All of this got Williamson more attention and in 1951, Trumpet Records signed him to a recording deal. Trumpet is an interesting story in itself. Run by a white woman named Lillian McMurray out of Jackson, Mississippi, Trumpet realized that the region had all these great musicians who had no access to recording contracts. Her husband ran a furniture show and decided they could sell records out of it as well. So she went about signing artists, not only blues musicians but other pre-rock Black musicians playing boogie-woogie and other dance forms. He did a bunch of recordings for Trumpet, but that label went bankrupt and had to sell its catalog. That said, it did not let these artists die but rather sought to connect them with real labels. That led Williamson to Chess, based out of Chicago. The Chess Brothers loved Williamson and so brought him up to the big city. He developed a solid fan base there going back to 1953, when he played the harp in Elmore James’ band in the city. Chess had a subsidiary named Checkers Records (eyeroll) and on that label, Williamson recorded about 70 songs over the next few years. Most of these were singles. Williamson’s first album, Down and Out Blues, came out in 1959 and consisted of some of his previous recordings. This was a pretty common practice as the record industry moved to long-play albums with new technology.

Like a lot of these blues guys, Williamson found his real adoration among young British men, who were forming bands. Much more so than white Americans of the era, these Brits were obsessed with this tradition coming out of America, one supposes given that the British had nothing like this at all and the appeal of Black music was, yes, the appeal of authenticity, but it was also the appeal of good. Williamson was all about making money when he could, so he rushed to Europe to play. Unlike the guys a generation older than he, Williamson was also still in reasonably good health and young enough to do this. British blues bands loved backing him up. What he thought about the quality of those bands, I do not know, but he certainly like the adoration and the cash. He recorded an entire album with The Yardbirds and recorded with The Animals too. He stuck around Europe as much as he could during these years and ended up appearing on a Roland Kirk live album from Copenhagen in 1963 playing his harp.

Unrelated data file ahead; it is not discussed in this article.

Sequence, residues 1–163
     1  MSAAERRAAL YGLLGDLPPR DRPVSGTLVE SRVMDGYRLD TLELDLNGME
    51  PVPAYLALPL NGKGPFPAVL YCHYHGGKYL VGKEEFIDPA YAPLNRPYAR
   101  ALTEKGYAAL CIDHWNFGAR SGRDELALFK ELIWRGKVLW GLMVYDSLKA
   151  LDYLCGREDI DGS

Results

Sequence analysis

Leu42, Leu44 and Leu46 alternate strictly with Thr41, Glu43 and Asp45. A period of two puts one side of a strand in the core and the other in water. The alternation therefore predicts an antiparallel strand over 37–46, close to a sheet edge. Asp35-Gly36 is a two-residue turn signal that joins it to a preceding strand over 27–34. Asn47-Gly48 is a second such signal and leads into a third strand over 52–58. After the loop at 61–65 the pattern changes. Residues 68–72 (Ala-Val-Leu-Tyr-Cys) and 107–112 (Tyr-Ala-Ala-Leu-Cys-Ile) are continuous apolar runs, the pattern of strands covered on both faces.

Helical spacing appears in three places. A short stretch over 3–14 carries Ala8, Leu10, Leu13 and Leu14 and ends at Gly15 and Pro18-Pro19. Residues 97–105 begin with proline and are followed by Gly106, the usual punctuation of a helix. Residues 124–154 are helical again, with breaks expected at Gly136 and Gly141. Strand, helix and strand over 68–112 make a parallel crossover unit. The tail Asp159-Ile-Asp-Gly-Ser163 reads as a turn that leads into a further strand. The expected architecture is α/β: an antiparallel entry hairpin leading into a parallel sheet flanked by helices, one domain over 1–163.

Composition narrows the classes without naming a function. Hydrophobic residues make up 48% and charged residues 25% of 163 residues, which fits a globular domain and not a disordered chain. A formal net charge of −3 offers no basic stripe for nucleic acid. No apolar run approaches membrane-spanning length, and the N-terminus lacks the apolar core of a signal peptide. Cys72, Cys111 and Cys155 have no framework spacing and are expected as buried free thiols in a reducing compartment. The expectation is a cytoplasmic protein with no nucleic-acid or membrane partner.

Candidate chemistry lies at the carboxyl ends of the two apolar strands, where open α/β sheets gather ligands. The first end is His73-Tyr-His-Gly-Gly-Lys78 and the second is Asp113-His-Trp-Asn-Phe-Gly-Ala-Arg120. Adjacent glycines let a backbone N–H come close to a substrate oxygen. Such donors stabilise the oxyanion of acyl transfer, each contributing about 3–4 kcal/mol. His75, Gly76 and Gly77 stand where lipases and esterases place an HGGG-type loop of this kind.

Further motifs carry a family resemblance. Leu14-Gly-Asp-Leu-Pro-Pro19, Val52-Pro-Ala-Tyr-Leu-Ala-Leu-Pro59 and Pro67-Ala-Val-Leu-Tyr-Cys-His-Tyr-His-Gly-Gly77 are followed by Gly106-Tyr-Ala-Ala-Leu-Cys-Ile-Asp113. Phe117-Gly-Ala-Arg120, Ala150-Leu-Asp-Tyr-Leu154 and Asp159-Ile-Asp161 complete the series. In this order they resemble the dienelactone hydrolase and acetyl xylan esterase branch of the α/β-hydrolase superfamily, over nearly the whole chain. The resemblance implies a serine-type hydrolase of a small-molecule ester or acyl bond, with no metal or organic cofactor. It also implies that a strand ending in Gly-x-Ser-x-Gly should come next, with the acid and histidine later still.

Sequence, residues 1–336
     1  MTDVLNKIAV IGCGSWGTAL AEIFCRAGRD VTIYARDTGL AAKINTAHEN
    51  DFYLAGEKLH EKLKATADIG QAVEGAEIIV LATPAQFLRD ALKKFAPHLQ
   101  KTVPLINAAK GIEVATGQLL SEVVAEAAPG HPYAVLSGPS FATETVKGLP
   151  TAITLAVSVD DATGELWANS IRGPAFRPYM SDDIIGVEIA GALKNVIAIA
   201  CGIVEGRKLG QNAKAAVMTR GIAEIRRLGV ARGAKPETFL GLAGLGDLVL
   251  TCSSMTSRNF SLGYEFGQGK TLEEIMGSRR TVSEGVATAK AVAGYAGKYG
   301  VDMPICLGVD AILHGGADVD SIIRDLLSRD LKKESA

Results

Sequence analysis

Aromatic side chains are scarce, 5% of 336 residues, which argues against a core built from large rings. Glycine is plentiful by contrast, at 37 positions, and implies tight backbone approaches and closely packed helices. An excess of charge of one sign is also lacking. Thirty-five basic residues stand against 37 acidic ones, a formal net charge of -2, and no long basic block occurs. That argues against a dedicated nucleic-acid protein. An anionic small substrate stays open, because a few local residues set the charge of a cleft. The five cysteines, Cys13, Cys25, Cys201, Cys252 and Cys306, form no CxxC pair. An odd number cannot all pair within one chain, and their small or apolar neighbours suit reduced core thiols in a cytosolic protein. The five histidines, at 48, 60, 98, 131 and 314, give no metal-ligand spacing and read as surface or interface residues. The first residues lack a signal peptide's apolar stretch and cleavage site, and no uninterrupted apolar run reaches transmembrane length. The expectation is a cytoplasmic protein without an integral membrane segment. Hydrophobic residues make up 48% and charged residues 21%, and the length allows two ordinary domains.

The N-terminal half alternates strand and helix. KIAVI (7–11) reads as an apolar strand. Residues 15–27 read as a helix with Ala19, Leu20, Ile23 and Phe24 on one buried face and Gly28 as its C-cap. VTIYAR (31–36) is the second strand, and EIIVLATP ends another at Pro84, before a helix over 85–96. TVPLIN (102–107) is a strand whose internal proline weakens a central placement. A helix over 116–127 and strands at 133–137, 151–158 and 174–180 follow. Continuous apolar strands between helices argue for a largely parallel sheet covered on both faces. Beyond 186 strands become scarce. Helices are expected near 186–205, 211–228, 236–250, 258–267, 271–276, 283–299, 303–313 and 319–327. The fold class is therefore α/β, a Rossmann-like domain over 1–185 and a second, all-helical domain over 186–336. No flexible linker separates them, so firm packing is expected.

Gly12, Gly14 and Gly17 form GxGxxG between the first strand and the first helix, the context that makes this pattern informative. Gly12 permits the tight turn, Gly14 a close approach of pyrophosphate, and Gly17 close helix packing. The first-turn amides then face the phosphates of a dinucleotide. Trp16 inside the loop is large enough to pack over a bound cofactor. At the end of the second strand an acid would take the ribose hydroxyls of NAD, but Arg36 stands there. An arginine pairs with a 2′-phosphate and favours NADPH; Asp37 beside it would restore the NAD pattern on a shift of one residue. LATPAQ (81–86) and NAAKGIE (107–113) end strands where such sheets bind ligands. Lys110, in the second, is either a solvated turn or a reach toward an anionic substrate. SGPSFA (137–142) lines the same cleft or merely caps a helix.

Williamson came back to the U.S. after that and restarted his King Biscuit Time show in Helena. Of course now he was a bigger deal than before. He could afford nice clothes and if he needed money, he could always go play in Europe. But one day, in 1965, he didn’t show up for the show. That’s because he had died of a massive heart attack. He might have been 52 years old but it’s impossible to know.

In the aftermath of his death, there were tons of releases of his material. More was released after he died than before. His album with The Yardbirds came out in 1966 and only increased the interest in his work. Chess followed that up with The Real Folk Blues the same year, made up of cuts recorded between 1957 and 1964 for that label. The Animals released their recordings with him in 1972. Interestingly, the set that perhaps got the most attention was the 1969 release Bummer Road, in which the album included an 11 minute outtake from the recording session with Williamson and Leonard Chess bitching each other out over the recording of a song and this became the first blues album to have to have a sticker based on profanity. Really, this is a stunt release but it’s an interesting artifact all the same.

Sonny Boy Williamson is in Whitfield Baptist Church Cemetery, Tutwiler, Mississippi, which I can assure you was not easy to find. You may remember a month ago or a bit more when I was mentioning raising some grave funds for this trip. Well, this is the first grave I’ve done off that trip and I hope it was a good one for you.

The grave itself was placed up by Lillian McMurray in 1977. She didn’t know his birth date either and came up with this date for some reason.

Let’s listen to some Sonny Boy Williamson.

If you would like this series to visit other blues legends, you can donate to cover the required expenses here. B.B. King is in Indianola, Mississippi and Muddy Waters is in Alsip, Illinois. Previous posts in this series are archived here.